Just a middle-brow reader who loves a good story, recipe or how-to.
Using Miriam as the main character and including others who were barely mentioned, this is a very interesting new take on the story of the Israelites and their Exodus from Egypt.
I did have an issue with language use seeming too modern and complex at times. The characterization of Miriam as a prophetess with almost a running conversation with "her" El-Shaddai (God) who becomes resentful, jealous, and petty when she feels supplanted by her returning younger brother, was believable but difficult to reconcile. A lesser issue was the one-dimensional nature of some secondary and tertiary characters.
When Moses returns he is a veritable stranger to her, and brings some revelations that seem a bit radical to Miriam (such as a new name for her El-Shaddai), but to the reader he seems very real and very human. This aspect of the story was handled so well by the author, that Moses does not take over the story. It remains firmly Miriam's.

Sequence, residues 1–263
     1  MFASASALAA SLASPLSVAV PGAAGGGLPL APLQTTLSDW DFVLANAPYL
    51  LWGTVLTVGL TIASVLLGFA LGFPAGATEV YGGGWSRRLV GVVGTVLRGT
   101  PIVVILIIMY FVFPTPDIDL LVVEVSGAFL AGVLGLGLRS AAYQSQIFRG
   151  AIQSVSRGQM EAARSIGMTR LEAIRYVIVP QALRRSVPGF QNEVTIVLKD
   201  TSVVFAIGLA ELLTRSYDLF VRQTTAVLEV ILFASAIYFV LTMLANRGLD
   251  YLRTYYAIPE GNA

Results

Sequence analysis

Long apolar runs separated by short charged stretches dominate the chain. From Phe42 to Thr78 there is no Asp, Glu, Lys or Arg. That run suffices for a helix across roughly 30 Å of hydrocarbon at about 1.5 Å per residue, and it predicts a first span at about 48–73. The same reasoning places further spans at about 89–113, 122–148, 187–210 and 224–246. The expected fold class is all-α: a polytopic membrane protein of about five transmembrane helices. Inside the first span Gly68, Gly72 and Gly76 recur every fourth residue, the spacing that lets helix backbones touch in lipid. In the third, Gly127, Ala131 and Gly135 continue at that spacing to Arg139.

The sub-plot of Miriam's nephew Eleazar, a royal guard, and Taliah, a young woman who comes under his protection, added interest and another perspective to the story. It is through Eleazar that the reader sees the engrained, callous cruelty of the Egyptian court along with some of the reactions and repercussions of Moses' audiences and the ten plagues.
As a fleshed-out imagining of the Exodus, this is an interesting read. As a story of an older woman struggling to come to terms with changes that are beyond her control, and the loss of a presence she took for granted in her life, it is possibly even more interesting. Recommended for those who enjoy biblical retellings, especially those that focus on the less well-known participants in the story.
This review refers to an Advance Reading Copy provided by the publisher in exchange for an honest review.